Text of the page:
Either command is esteemed, or it is not. There's little middle ground. Not unrelated, I just read an article (ok, just the headline) that said kids don't want to grow up to be president anymore.
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Re: Prior Enlisted, Why Do So Few Stay For Command?

Postby Mjölnir » Wed Oct 19, 2016 2:36 pm

Thanks for the replies.

As you both said, in some ways I answered the question ... for my situation. As I said, the large majority of prior service officers I have observed are not staying to compete for command, nor CDR, and in quite a few cases not LCDR. Granted, my current CO is a prior E6 now O6 (on his second command) and was really pumped to hear about a prior CPO who is going to command in Japan. It seemed a bit of a trend ... was wondering if anyone else noted it?

And yes, there are numerous ways we can influence people and not be the CO, it is something I still aspire to do though.
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Re: Prior Enlisted, Why Do So Few Stay For Command?

Postby Sum1 » Thu Oct 20, 2016 10:46 am

As a prior E-6 who found out recently he was selected for O-4, I can honestly say that if you had asked me 5 or 7 years ago if I wanted to command I very likely would have said "no."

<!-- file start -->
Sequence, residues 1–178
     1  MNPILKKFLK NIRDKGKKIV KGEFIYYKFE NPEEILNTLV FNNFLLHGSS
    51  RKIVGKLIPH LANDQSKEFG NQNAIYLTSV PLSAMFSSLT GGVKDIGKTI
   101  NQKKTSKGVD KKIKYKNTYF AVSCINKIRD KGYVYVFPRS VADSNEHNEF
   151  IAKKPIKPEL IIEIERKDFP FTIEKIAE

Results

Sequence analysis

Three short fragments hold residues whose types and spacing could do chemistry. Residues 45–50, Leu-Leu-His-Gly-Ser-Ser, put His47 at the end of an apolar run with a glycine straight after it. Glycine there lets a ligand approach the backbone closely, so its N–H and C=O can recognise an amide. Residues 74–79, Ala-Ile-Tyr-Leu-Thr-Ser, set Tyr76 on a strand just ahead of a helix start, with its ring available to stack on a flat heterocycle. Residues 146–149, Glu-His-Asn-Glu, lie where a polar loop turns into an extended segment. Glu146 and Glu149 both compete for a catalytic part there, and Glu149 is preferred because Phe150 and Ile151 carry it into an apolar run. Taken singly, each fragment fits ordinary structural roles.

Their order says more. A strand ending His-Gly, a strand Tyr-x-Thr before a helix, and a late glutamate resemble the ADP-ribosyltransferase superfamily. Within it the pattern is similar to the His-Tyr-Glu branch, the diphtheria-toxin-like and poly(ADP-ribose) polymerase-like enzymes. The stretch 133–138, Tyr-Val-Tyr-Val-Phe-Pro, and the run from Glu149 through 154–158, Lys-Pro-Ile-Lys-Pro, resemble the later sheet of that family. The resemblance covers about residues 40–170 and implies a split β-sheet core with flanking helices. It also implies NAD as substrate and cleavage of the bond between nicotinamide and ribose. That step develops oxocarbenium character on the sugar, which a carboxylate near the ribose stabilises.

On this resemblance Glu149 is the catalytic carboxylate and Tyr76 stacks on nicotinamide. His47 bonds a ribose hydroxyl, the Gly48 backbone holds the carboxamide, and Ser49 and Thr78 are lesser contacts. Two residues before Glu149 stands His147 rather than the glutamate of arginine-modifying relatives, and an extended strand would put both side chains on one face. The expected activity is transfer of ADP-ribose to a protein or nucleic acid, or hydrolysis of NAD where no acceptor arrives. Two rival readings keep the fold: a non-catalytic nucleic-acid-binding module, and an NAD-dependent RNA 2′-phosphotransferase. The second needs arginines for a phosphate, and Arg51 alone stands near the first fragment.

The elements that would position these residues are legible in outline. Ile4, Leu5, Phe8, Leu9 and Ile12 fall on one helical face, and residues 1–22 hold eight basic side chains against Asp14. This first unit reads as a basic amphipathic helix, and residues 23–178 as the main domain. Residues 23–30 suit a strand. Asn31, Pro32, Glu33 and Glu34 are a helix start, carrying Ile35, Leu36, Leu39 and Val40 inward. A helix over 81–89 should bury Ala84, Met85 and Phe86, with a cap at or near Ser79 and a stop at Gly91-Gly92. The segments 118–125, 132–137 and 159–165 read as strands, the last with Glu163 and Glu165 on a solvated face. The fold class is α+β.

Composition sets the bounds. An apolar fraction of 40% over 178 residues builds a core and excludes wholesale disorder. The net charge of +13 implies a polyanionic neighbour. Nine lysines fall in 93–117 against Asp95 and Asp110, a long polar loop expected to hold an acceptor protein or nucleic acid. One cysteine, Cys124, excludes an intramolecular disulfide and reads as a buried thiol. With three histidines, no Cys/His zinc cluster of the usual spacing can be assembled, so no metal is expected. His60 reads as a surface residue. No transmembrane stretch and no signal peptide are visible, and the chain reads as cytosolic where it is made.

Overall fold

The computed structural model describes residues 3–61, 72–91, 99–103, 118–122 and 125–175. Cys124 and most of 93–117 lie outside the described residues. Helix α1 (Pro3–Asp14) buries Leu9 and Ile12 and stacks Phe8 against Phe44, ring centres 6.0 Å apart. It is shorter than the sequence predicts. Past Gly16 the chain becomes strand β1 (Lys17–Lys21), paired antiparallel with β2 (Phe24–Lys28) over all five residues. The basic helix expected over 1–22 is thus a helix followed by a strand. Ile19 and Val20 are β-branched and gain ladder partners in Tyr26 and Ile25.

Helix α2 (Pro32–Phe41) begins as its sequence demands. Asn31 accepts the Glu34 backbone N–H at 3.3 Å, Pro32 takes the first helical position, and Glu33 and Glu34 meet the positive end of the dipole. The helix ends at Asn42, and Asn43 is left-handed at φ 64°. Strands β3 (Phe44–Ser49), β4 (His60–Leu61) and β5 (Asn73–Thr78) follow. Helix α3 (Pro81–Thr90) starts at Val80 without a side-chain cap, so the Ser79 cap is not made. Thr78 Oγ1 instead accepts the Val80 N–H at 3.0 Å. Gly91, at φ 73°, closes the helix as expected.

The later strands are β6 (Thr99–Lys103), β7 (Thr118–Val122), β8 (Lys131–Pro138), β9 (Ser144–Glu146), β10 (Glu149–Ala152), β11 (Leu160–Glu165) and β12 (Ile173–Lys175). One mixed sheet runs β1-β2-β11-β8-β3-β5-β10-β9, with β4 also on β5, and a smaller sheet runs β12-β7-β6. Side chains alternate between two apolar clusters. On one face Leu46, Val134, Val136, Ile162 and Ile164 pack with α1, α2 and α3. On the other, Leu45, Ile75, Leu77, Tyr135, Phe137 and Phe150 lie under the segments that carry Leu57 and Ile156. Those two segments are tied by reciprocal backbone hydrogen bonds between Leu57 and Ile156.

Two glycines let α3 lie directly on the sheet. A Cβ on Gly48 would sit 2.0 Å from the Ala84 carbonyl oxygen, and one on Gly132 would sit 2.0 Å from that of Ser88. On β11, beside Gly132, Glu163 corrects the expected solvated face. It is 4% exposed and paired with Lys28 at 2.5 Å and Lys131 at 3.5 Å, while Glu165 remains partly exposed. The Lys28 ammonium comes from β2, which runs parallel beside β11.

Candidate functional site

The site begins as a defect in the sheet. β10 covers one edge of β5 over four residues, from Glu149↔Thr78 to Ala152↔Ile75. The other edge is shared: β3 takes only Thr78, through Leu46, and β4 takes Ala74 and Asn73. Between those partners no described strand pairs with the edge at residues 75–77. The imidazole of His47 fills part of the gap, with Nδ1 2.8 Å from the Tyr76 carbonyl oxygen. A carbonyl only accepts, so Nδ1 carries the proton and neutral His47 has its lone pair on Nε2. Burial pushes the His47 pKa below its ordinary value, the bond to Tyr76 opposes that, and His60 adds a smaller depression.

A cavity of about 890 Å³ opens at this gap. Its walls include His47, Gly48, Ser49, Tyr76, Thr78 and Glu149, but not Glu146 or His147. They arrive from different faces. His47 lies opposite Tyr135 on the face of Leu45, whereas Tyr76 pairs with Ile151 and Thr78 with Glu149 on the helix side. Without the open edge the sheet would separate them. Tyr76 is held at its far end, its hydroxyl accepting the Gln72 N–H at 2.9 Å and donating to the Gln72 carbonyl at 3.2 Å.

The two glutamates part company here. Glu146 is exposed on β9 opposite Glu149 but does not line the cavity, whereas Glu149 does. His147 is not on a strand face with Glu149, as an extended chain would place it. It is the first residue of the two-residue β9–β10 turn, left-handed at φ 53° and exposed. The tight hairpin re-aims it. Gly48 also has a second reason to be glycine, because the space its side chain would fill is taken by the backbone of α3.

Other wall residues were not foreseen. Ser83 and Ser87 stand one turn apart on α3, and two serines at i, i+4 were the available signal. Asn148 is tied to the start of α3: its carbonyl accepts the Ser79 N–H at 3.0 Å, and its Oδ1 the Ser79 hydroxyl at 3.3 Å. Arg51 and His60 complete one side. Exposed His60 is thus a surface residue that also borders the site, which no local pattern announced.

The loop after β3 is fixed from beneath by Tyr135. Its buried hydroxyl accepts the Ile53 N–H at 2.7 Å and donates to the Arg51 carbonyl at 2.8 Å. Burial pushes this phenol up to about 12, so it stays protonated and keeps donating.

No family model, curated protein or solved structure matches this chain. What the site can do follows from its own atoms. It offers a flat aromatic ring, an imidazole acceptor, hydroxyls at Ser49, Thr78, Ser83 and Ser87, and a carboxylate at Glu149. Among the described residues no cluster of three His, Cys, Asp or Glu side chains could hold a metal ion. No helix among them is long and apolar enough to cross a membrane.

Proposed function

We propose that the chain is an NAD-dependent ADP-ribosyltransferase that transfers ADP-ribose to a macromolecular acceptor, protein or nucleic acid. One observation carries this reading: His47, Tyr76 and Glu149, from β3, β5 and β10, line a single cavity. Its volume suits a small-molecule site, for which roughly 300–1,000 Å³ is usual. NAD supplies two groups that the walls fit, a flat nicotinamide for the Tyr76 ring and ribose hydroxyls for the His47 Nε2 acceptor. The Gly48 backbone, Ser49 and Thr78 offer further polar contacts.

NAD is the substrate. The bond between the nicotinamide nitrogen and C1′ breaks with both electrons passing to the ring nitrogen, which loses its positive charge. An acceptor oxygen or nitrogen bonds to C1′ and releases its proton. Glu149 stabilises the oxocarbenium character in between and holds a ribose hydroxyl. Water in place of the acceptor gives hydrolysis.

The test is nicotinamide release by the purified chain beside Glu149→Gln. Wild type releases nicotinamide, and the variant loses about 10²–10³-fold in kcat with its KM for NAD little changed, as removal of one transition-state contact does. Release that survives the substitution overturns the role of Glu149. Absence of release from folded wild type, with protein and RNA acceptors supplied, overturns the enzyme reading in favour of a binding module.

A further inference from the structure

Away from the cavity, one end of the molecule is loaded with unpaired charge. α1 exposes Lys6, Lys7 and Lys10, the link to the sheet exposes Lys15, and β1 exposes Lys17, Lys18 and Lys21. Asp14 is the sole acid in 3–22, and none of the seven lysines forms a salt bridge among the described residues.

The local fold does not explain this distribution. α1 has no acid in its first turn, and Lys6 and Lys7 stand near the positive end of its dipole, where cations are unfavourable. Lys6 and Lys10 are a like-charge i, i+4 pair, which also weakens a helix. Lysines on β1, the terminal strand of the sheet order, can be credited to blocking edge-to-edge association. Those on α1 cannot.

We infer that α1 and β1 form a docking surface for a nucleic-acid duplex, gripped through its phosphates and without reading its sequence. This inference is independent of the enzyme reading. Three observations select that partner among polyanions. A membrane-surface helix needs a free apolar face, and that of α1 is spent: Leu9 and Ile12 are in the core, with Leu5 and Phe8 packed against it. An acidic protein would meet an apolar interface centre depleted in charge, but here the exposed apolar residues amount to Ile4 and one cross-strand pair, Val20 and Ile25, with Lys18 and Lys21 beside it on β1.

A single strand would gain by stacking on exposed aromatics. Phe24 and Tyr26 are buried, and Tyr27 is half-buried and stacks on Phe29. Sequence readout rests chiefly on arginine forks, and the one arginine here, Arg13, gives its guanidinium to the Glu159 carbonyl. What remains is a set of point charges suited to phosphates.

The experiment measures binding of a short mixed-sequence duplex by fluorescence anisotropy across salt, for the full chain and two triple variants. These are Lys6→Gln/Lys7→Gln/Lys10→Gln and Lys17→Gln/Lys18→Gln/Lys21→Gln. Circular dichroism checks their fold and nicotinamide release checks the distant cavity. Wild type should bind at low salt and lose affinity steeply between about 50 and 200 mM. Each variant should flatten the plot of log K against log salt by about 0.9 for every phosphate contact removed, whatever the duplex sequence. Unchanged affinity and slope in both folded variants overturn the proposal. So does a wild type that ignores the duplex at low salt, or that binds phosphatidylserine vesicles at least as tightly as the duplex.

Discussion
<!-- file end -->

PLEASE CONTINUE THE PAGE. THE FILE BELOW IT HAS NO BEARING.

Today, though? After having the opportunity to serve as part of ship's company on a DDG, and now on the staff of a Combatant Command... my thoughts on it have shifted pretty significantly. I've had the privilege of serving with some amazing men and women of all ranks and from all services, and now I feel more invested than ever to do my part. The perspective shift I experienced going from a tactical unit (DDG) to a four-star major staff (CCMD) was incredible, and it just highlights that we don't have everything figured out (at any level). People like us need to step up and try to help push solutions to problems, and more importantly, anticipate what challenges may face our service and the Joint warfighter 5, 10, 15+ years from now and push solution development NOW.

But I digress. I think if there is something that would cause me to forgo pursuing O-5 and Command, it would be family (as others have said). I promised my significant other recently that if she gives me the next 5 years then I would let her decide where we go for the next 10 after that, which may be back to Seattle and out of the Navy. If so, then so be it. One person can only be asked to sacrifice so much until the other needs to step up.
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Re: Prior Enlisted, Why Do So Few Stay For Command?

Postby TASmith » Fri Oct 21, 2016 4:05 am

I don't post much, but truly find the question worthy of exploring. Perhaps not the why of not sticking around for command, but the not sticking around period.

At over 28 years in, and over 13 of those enlisted, I can tell you that I still have more push left in me that most of the young Sailors I see today. I am absolutely honored to be serving in an XO tour and have discussed with my wife that I'll continue to serve under four simple conditions:
1) It is still fun
2) It is still about service
3) I am still relevant
4) I am still promotable (up or out, no hanging around for multiple looks for me)